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The conversations parents and teachers are having about Trump being elected

The conversations parents and teachers are having about Trump being elected
Students in South Gate protest the election of Donald Trump as president in front of City Hall. (Irfan Khan / Los Angeles Times)

“It’s another day in America.”

That’s how Vandana Bahl started the conversation with her 19-year-old daughter. And she emphasized this: “We will be OK.”

Since Donald Trump was declared the winner of the presidential election, Big Emotions have pervaded social media – elation and hope on one end of the spectrum and devastation and disbelief on the other. (Take a look at the reactions readers have shared with us.)

These conversations are happening in living rooms, classrooms and break rooms across the country. 

We offered some thoughts, asked for your thoughts and have heard from readers: 

Tell us your story »

“What I told my children is that this election outcome is a live example of how unpredictable life is. Everything can change in the blink of the eye. Don't ever underestimate your opponent until the end of the competition. What we are concerned about is that bully and sexual harassment will get worse as people see Trump can get away with it and become our next president.”

– M. Ng


"Morning ... it's another day in America, and we have to think ahead. Thankfully, our system has enough checks and balances, and ours is not a dictatorship. Trump will have to work within the system and will learn running a country is not like running a business. We will be OK. We should work on electing Chelsea Clinton to the White House next or maybe Sasha or Malia Obama. If it has to stay within political families - which though we have seen it clearly does not … but, the Supreme Court is a concern – you are just going to have to join [Sonia] Sotomayor to help her. Mom"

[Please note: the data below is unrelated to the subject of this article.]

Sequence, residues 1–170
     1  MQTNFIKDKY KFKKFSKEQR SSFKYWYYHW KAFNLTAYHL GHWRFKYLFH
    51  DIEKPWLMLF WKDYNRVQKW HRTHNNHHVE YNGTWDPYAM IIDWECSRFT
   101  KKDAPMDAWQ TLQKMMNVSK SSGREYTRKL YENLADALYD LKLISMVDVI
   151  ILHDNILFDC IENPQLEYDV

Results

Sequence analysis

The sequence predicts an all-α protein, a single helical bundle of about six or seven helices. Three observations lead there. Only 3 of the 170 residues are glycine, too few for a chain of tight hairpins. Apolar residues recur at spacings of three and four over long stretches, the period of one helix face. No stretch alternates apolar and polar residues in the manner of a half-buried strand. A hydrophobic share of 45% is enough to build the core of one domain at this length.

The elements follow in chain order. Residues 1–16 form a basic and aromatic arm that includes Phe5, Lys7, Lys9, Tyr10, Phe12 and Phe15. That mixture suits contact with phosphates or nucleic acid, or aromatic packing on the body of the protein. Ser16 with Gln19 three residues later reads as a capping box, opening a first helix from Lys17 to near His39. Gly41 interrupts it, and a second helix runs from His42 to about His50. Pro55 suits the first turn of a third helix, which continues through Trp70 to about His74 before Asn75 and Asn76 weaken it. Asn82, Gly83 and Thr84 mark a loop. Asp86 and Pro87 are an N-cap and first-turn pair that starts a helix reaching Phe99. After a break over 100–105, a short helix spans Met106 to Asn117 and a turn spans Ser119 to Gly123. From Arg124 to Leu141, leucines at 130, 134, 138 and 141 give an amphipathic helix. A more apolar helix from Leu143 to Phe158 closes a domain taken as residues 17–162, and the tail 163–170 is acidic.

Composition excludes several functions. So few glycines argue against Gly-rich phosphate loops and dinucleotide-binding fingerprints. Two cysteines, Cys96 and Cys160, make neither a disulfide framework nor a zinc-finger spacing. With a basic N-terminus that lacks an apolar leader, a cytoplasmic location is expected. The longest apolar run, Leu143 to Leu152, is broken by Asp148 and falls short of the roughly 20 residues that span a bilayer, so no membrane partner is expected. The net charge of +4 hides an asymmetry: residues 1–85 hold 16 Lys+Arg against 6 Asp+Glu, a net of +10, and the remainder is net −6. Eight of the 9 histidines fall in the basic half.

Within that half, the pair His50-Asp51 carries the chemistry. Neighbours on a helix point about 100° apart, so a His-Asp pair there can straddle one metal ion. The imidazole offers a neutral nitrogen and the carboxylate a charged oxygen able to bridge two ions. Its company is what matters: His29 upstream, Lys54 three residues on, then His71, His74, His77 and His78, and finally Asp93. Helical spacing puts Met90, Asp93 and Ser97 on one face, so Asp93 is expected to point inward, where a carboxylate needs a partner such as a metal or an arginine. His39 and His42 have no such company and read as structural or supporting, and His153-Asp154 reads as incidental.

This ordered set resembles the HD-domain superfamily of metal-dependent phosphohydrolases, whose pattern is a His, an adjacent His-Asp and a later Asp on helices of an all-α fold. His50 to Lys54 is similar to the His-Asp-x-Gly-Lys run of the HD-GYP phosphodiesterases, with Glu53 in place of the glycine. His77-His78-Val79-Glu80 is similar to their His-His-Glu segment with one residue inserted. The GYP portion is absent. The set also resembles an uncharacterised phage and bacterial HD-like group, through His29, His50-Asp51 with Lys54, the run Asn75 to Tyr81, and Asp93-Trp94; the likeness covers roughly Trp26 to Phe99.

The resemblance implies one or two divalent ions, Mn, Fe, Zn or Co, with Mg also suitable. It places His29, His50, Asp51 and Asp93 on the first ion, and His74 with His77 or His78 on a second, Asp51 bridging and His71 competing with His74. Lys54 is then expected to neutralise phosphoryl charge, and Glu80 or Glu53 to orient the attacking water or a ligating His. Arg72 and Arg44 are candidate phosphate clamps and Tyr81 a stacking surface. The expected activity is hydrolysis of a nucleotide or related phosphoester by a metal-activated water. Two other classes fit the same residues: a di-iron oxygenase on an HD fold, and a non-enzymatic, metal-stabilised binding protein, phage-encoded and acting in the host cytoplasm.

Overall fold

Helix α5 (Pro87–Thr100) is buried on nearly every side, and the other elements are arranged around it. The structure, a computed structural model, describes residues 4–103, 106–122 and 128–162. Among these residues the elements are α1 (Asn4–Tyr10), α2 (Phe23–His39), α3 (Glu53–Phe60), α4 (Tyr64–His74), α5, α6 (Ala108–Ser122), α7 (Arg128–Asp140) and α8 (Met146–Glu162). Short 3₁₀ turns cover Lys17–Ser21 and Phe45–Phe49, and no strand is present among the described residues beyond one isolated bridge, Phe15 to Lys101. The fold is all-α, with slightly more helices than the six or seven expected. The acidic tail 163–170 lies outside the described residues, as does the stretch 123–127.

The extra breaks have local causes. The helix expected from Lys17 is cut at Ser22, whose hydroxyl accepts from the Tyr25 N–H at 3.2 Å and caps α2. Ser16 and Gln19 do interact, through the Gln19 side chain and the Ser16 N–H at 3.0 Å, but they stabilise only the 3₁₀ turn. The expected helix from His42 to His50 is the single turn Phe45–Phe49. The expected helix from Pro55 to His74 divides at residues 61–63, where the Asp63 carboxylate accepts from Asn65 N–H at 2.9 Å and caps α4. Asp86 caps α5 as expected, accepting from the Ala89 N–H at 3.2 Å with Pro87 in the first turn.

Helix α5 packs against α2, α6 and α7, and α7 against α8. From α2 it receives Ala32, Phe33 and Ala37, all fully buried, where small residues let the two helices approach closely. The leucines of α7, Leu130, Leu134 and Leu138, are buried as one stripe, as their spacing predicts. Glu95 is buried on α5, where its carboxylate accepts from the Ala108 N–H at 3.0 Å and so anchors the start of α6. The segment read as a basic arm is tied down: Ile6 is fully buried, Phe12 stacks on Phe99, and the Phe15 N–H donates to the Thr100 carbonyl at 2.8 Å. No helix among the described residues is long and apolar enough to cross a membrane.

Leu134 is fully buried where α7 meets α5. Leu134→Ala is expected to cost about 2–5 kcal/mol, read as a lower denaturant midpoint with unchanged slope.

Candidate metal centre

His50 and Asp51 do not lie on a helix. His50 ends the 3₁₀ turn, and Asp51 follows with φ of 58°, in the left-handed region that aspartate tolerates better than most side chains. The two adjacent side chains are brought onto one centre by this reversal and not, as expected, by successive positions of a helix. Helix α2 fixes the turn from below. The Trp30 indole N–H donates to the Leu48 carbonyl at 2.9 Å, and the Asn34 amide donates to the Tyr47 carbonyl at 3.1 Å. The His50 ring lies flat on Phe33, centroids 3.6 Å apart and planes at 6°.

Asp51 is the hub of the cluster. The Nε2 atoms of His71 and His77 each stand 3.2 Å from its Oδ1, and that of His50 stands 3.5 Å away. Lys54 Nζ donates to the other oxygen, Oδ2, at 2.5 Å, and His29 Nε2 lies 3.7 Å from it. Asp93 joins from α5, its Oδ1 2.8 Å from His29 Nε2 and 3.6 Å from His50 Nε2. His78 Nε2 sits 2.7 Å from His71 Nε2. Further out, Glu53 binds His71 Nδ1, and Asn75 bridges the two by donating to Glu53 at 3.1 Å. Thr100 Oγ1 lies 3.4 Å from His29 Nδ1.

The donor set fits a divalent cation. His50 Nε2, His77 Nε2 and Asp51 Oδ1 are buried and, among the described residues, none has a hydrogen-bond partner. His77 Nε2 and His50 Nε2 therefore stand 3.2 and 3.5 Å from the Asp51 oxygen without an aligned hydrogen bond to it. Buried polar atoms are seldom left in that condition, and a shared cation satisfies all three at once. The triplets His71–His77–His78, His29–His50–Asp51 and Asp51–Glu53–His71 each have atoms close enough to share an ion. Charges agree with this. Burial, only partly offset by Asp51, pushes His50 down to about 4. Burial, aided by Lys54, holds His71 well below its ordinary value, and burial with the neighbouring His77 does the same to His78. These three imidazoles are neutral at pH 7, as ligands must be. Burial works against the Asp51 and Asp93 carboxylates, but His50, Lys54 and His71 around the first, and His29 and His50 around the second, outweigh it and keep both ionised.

Vandana Bahl


It wasn’t just parents navigating this with children. I also heard from a high school history and current events teacher in Kalamazoo, Mich. He sent me a thoughtful essay in response. “I didn’t know what to say today,” he wrote Wednesday, “so I started writing.”

An excerpt from the essay he shared with his students: 

“Love one another, and embrace that we live in a world with conflicting ideologies. Many of the adults in our world are still figuring out how to do this. You must learn how if you ever want to make things better (and please, share your secrets when you do).

...I became a teacher because I care about what happens in the world around me and I want to be a part of shaping it. I became a teacher because it’s a hell of a lot easier to complain about things you don’t like when you actually do something to try to fix them. You all are the next generation of voters and workers and parents and leaders. Find ways to be happy and get along with others because you can’t just make people disappear when you disagree. We are a country that is more than Democrat and Republican. We are a team, always.” 

Jimmy Johnson


Schools have been navigating issues of bullying and harassment throughout the election. Some sent out messages to families on Wednesday. My son’s school sent out a note reaffirming its approach to character and community. LAUSD Superintendent Steve Zimmer issued this statement Wednesday: 

Several LAUSD teachers in classrooms my colleague Joy Resmovits visited after the election were focused on allaying fears their Latino students were expressing: 

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Despite the attention being paid to the shock of Trump opponents, not everyone in the country is fearful or distraught, of course. I heard from some who are cheering Trump’s election with advice on what to tell the kids. 

"Obama won and I don't remember people writing articles pondering what they were going to tell their children....” wrote Mario Palacios. “How about you tell the children that things won't always go their way and that's OK." 

And Mark Holmes responded with a rhetorical question, pointing to the reservations many across America had about Hillary Clinton: “So, if Ms. Clinton had won, you would have no problem explaining to your children that America just elected one of the most corrupt, lying, scheming politicians ever?”

The conversation on Facebook about discussing the politics, leadership and future of our country with our kids is continuing on Facebook.

Here’s a sampling of how folks answered “What do we tell the children?”:

Share what you are telling your children about what’s next for America, whomever you voted for Tuesday.

Note: Reader submissions above were edited for clarity and space. 

michelle.maltais@latimes.com

Chat me up on Twitter: @mmaltaisLA 

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